With another day at the (virtual) 56th Chicago International Film Festival comes another batch to sift through. It was a lighter batch too, not just in numbers but also in runtimes. Day three consisted of two short documentaries and another scripted feature, but did the quality make up for quantity? Not quite, but at least they all had their moments.

Making its Midwest premiere at the festival is Gregory Monro’s Kubrick by Kubrick (Grade: C), a 72-minute documentary about Stanley Kubrick’s work. Here, Monro zips us from the filmmaker’s childhood to death, touching on a majority of his offerings in between. Yet it’s not so much Monro doing it: It’s Kubrick himself through interviews and recordings. The idea of making a documentary about the man isn’t inherently flawed, but this one’s approach is, lacking the insight or visuals to make it feel like more than a glorified clip show.

Yes, the difference here is that this is Kubrick himself discussing his works, but that can only go so far. For one, his comments have already come across in his films for decades on end. It’s not analysis; it’s a brilliant director verbalizing his themes and motifs, and it’s surprisingly underwhelming. The Jungian discussion of Full Metal Jacket, for example? Those ideologies aren’t even subtext in the movie. They’re text, and Kubrick by Kubrick just uses a more lauded voice to say what we all know. If hearing Kubrick is the main draw, why not just make this thing a podcast?

That gets into the main issue, which is that, for something about one of history’s best filmmakers, Monro’s work isn’t cinematic. The doc has a few decent visual motifs to stitch the material together, but it never goes beyond that. The perspectives and supplementary material are less than something like Tony Zierra’s recent Filmworker, and Jan Harlan’s Stanley Kubrick: A Life in Pictures, for instance, is far more incisive in how it arranges footage to make its own point. By now, Monro’s contribution plays too much like fluff.

Next was something similar but completely different. It’s another short documentary, this one at just 76 minutes! Having its world premiere at this year’s CIFF, Luchina Fisher’s Mama Gloria (Grade: C) is a loving but sloppy portrait of Gloria Allen, Chicago’s own Black trans icon. Most of its runtime coasts on Allen’s own presence, and while she’s delightful, Fisher’s work is too jagged to do its subject justice.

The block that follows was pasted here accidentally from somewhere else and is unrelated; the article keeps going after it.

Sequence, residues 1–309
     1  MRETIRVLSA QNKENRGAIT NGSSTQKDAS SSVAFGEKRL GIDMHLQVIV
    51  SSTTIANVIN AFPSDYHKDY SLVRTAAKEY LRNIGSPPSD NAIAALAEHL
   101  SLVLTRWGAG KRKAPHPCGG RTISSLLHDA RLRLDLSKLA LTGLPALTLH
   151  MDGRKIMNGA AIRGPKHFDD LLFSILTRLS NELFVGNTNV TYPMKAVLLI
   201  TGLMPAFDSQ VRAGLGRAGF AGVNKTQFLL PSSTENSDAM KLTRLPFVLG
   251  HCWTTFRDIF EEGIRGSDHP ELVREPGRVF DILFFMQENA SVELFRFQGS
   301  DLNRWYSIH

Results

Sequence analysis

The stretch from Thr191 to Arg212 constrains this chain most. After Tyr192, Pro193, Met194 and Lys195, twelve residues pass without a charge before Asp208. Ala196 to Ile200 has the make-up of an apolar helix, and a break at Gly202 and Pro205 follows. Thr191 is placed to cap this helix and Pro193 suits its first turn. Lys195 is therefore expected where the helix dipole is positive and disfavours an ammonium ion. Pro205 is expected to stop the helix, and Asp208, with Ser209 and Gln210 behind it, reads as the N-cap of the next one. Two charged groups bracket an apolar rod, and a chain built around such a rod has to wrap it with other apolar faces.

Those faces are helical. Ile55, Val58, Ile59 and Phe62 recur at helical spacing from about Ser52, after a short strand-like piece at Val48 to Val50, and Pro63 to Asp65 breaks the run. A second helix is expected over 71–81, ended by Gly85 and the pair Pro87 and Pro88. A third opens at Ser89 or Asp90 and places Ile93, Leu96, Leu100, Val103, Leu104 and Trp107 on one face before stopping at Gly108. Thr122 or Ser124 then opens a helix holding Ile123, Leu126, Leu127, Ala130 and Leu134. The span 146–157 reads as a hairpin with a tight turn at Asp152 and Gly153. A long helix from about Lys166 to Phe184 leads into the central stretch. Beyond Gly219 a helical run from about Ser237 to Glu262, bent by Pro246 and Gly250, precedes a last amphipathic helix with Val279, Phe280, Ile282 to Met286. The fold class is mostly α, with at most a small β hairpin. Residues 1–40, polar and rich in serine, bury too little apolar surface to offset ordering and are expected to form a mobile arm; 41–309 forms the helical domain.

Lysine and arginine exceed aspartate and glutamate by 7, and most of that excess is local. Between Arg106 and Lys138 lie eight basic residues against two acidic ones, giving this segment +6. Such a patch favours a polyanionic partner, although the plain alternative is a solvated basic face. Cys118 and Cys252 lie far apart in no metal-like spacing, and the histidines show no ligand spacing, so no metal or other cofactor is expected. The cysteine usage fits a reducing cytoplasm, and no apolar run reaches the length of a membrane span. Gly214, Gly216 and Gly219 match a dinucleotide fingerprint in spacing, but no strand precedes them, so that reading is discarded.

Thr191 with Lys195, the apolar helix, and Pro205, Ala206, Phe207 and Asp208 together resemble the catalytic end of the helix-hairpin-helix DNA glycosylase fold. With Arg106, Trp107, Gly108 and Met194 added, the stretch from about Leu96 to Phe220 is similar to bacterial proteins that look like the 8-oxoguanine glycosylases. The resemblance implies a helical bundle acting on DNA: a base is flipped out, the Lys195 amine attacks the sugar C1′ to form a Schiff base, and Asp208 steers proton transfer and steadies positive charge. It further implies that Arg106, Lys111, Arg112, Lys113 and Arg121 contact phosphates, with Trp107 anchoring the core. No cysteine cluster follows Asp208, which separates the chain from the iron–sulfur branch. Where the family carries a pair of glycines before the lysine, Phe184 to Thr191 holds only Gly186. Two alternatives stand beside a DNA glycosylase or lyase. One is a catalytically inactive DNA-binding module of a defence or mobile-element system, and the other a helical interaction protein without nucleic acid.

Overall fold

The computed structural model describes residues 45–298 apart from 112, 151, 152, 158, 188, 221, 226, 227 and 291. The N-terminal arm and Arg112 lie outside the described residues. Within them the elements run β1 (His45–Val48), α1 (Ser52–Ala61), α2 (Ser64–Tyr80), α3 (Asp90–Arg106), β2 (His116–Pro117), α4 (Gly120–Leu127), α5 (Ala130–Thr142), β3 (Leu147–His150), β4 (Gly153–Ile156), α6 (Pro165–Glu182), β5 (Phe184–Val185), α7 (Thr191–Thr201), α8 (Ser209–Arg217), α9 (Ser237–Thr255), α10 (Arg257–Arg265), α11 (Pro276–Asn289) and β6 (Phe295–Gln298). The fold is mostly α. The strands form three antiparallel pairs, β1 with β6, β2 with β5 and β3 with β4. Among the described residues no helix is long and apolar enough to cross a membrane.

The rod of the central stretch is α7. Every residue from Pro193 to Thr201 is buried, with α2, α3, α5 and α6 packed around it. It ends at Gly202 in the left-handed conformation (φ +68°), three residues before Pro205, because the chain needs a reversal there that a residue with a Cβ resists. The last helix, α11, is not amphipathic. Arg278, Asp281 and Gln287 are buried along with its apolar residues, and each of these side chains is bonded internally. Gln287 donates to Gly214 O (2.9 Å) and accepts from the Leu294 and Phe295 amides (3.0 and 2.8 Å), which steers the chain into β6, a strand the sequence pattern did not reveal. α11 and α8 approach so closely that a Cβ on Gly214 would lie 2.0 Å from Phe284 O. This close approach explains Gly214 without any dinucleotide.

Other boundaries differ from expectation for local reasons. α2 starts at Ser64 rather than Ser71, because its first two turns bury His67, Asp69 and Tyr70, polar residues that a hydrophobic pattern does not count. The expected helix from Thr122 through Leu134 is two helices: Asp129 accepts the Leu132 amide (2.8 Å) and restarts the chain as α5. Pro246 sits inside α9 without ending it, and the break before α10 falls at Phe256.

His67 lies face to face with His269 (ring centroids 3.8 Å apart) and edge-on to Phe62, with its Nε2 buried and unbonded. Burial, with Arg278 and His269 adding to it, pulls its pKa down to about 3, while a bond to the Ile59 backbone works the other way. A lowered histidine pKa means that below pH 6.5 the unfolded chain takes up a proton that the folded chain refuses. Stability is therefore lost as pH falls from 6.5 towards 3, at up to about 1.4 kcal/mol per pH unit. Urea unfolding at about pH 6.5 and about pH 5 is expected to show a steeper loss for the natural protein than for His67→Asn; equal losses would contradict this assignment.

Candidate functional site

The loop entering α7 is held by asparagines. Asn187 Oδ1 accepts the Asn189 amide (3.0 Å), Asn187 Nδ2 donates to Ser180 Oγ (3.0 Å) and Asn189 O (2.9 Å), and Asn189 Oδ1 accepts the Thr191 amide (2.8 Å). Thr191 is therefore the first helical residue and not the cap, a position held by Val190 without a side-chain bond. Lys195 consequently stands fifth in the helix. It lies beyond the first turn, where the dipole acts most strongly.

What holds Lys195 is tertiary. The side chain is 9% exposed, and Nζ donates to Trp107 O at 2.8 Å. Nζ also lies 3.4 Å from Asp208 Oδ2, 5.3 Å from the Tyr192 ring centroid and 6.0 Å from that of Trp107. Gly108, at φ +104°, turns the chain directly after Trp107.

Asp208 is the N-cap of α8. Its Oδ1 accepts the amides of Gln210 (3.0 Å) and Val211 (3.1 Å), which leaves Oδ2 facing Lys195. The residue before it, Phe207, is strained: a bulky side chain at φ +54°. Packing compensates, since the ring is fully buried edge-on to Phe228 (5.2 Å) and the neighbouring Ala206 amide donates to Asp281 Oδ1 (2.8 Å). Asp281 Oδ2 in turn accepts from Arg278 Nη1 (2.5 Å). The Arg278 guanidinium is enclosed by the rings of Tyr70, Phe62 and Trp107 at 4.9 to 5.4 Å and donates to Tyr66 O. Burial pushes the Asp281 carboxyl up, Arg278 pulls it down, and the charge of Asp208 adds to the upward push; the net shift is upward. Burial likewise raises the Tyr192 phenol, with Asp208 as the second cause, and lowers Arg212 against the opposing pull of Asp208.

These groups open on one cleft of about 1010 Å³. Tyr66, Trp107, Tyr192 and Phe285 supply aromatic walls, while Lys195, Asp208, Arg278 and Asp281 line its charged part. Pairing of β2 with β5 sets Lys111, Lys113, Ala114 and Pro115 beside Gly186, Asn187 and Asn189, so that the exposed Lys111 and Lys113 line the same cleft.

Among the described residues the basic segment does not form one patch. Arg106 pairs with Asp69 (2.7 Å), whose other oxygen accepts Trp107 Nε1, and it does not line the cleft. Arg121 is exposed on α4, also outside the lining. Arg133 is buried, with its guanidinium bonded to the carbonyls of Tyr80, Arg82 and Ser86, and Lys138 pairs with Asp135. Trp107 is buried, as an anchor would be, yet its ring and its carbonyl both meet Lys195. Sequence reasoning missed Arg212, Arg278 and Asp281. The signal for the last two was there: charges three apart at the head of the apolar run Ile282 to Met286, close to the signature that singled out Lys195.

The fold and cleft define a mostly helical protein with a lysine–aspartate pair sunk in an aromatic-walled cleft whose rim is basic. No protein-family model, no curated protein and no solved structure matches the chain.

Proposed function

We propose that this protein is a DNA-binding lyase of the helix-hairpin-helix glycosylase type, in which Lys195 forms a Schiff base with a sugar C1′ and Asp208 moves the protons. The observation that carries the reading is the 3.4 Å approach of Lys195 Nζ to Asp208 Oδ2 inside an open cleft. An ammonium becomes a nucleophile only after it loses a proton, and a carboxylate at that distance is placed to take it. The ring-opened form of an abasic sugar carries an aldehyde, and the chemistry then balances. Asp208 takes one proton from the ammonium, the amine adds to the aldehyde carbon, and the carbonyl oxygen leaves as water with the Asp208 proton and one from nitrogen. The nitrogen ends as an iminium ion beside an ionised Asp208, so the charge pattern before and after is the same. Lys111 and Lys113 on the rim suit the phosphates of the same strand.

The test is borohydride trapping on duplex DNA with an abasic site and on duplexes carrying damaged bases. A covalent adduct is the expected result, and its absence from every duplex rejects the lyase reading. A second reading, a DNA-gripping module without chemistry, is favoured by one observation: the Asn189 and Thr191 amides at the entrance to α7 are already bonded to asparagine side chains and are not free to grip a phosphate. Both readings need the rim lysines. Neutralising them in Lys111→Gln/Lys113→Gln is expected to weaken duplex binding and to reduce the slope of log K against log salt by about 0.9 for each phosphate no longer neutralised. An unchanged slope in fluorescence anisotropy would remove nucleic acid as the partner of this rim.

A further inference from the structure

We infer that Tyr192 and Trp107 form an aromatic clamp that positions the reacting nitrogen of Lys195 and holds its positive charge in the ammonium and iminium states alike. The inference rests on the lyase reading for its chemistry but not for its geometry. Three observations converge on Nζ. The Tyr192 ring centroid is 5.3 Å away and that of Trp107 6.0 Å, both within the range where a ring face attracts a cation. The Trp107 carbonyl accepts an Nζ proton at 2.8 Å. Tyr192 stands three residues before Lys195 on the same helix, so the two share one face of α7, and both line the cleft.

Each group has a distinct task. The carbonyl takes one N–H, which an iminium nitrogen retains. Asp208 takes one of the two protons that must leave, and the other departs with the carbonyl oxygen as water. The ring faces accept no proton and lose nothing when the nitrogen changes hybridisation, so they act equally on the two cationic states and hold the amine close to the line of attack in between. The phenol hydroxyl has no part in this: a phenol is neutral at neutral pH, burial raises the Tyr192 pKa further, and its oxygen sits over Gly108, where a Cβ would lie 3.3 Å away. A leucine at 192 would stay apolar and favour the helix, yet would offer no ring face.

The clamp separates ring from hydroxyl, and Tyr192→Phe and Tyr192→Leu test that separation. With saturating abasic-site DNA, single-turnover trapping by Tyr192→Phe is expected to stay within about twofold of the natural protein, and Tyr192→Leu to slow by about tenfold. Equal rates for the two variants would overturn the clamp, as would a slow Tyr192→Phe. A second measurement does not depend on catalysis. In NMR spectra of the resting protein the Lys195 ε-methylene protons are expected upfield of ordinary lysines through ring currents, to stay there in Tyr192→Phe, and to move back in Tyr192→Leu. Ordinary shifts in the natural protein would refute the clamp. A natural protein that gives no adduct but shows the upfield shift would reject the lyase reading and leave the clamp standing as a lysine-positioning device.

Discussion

It’s a quick watch for sure, but that pace can also work to its detriment. When Mama Gloria registers, it’s thanks to Allen’s reappraisal of her own personal identity, gender-related or not. Unfortunately, the jumps between new footage of her life and her talking heads are more jarring than swift. It’s not so much in terms of content; that’s pretty consistent. It never postures either but does understand how Allen’s different sides form her as a person, which is something to appreciate. The issues are more a matter of scope and tone, not to mention technical filmmaking.

In regards to the former, Fisher alludes to Allen’s legacy within Chicago’s queer space more than she examines it. Given Allen’s demeanor, her impact on others feels strangely insular. The woman’s honesty keeps Mama Gloria chugging along, but the movie has a tendency to turn on a dime that borders on flippant. (How the editing sidelines Allen’s recollection of a gang rape stands out as misguided.) It’s in the last 25 minutes that Fisher runs out of things to say, leaving her subject to do the heavy lifting even more. One can hope the pieces inspire something better in the future.

At least the third and final pick mostly redeemed the day. Almost 60 years since he made his screenwriting debut with The Steamroller and the Violin, Andrey Konchalovsky continues his career with Dear Comrades! (Grade: B), which makes its United States premiere here. It’s a solid effort too and, similar to his collaborations with Andrei Tarkovsky, oscillates between remote and intimate. Is it as good as Tarkovsky’s best? Of course not, and it’s not going for that. It is Konchalovsky’s film after all, and it pays off. It’s bleak, but Dear Comrades! benefits from an ironic distance that gives it a satirical bent without teetering into farce.

Set in 1962, it follows Lyuda (Yuliya Vysotskaya), an official to the Soviet Union’s Communist Party. Joseph Stalin’s impact continues despite Nikita Khrushchev’s current rule, and it’s when a labor strike occurs that the government-led Novocherkassk massacre occurs. Of course, the only reason Lyuda really cares is that her daughter, Svetka (Yuliya Burova), gets caught in the crosshairs and goes missing. Konchalovsky and Elena Kiseleva’s script is modestly effective on that front, but it’s their approach that helps the most.

Dear Comrades! is—to throw an overused word around—timely, but largely in how it observes the conflict between communism and socialism and how modern audiences confuse the two. The labor strike and Svetka’s views are more socialist, but only Communist Party members name-drop the philosophy. In fact, they only refer to themselves as socialists. All the while, Konchalovsky fixates his lens on the oppressors, mocking the misunderstanding of their own regime. It’s not the most consistent result, but Andrey Naydenov’s gorgeous DP work and Vysotskaya’s performance cement a movie that doesn’t draw attention to itself.

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